Sources close to the U.S. President-elect Joe Biden indicate that he plans to cancel the permit for the Keystone XL pipeline project on his first day in office. Such reports have been causing unrest in Canada, with some leaders warning that if the project is canceled, there could be a diplomatic row between the two countries. According to a report published by Canadian Broadcasting Corp. (CBC), the words “Rescind Keystone XL pipeline permit” appear on Biden’s to-do list on his first day in office.
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The Keystone XL pipeline project was proposed to develop a pipeline that would move oil from Canada to Nebraska. But since the start, the project has been opposed by environmentalists, leading to several revisions. Opponents of the project say that the pipeline will be a major contributor to climate change and may show the country’s unwillingness to move away from an oil-based economy.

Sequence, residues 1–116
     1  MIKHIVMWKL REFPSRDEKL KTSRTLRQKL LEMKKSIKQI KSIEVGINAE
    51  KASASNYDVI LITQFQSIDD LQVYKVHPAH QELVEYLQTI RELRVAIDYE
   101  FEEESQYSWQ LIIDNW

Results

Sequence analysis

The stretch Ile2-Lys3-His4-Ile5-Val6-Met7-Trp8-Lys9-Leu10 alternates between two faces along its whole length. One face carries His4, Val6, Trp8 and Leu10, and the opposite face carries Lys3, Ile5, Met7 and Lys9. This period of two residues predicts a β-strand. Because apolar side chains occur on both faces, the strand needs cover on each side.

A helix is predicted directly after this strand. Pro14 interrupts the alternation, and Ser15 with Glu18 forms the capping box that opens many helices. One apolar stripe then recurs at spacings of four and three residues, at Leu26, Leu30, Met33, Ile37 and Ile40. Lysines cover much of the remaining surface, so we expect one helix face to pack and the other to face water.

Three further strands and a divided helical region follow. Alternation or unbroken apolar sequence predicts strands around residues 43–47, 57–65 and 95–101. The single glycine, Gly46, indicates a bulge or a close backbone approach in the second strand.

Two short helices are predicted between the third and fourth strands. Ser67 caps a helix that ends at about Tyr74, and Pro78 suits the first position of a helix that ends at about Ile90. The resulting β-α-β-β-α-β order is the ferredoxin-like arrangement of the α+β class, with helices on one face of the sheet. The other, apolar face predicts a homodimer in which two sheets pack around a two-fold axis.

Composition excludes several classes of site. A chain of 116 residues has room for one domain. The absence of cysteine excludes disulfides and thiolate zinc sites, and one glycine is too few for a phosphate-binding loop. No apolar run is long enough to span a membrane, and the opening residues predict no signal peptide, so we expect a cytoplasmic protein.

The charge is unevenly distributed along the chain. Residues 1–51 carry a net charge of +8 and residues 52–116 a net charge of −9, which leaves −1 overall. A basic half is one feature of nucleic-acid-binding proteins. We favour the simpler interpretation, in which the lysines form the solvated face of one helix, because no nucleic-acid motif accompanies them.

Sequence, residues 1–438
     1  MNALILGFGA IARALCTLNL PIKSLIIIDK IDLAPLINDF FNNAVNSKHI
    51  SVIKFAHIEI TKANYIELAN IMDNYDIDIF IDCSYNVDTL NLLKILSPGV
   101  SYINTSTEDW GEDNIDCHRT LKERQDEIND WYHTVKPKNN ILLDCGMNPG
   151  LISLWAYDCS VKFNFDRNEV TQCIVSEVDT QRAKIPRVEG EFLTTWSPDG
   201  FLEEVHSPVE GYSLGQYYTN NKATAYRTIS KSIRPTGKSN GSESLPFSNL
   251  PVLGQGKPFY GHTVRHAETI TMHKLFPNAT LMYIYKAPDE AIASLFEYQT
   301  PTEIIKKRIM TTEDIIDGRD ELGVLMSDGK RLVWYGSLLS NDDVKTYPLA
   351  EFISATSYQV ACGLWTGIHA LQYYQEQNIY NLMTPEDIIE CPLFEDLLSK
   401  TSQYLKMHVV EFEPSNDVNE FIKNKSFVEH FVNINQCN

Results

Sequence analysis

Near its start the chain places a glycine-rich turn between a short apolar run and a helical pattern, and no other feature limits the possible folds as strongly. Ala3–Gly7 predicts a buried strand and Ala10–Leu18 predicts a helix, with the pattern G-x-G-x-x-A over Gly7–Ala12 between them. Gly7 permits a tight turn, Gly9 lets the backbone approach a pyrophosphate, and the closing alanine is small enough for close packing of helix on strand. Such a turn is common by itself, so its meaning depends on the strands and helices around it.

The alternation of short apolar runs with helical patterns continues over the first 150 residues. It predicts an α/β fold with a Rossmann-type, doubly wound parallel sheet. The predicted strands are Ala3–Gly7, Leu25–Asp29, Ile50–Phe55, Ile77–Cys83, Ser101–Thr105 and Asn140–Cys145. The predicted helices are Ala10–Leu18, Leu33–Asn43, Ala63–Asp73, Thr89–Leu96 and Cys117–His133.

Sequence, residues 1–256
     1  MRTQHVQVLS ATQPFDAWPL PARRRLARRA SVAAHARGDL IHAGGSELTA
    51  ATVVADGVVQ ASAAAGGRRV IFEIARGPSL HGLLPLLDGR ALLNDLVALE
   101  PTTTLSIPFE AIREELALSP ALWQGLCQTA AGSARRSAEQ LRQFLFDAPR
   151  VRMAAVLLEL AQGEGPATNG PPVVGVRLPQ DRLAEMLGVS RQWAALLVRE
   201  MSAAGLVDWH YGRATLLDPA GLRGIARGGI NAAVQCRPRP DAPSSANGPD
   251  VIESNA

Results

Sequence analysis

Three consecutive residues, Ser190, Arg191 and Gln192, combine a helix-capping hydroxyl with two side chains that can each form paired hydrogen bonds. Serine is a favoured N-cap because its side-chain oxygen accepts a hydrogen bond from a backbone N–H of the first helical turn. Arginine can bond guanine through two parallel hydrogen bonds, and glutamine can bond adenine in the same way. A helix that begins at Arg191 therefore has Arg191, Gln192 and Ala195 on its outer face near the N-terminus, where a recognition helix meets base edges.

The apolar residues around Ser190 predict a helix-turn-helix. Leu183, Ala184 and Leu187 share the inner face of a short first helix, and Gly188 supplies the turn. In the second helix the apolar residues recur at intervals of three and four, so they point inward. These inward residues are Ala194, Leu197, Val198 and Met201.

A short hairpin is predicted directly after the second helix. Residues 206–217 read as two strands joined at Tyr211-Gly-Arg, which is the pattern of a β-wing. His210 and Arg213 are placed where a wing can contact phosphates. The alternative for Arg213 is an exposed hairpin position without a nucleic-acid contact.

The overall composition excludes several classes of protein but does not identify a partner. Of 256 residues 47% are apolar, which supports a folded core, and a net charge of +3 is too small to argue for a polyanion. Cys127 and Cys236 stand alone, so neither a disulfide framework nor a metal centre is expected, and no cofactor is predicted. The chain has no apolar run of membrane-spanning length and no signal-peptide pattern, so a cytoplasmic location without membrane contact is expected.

According to Canada’s ambassador to the U.S., Kirsten Hillman, the project would be beneficial to both the U.S. and Canada. Hillman said that she will continue to promote the project so long as it offers benefits for both countries.
“There is no better partner for the U.S. on climate action than Canada as we work together for green transition,” Hillman said in a statement.
According to Alberta Premier Jason Kennedy, canceling the project would kill jobs and weaken U.S. security, because the country would have to depend on OPEC oil imports. However, those opposed to the project have said that Alberta, the source of the oil, would be the biggest beneficiary in the project and that the pipeline would worsen climate change.
In Canada, construction is underway, with the international border crossing already complete. The company in charge of the project, TC Energy Corp., has claimed that it will achieve net-zero emissions by 2023. However, critics do not subscribe to the narrative, given that the pipeline itself will be supplying oil.
The project was approved in 2017 by the outgoing President Donald Trump. However, the pipeline had initially been rejected by the former U.S. President Barack Obama. Following its approval in 2017, various environmental groups moved to court, slowing the progress of the project in the U.S.
Image via Chesapeake Climate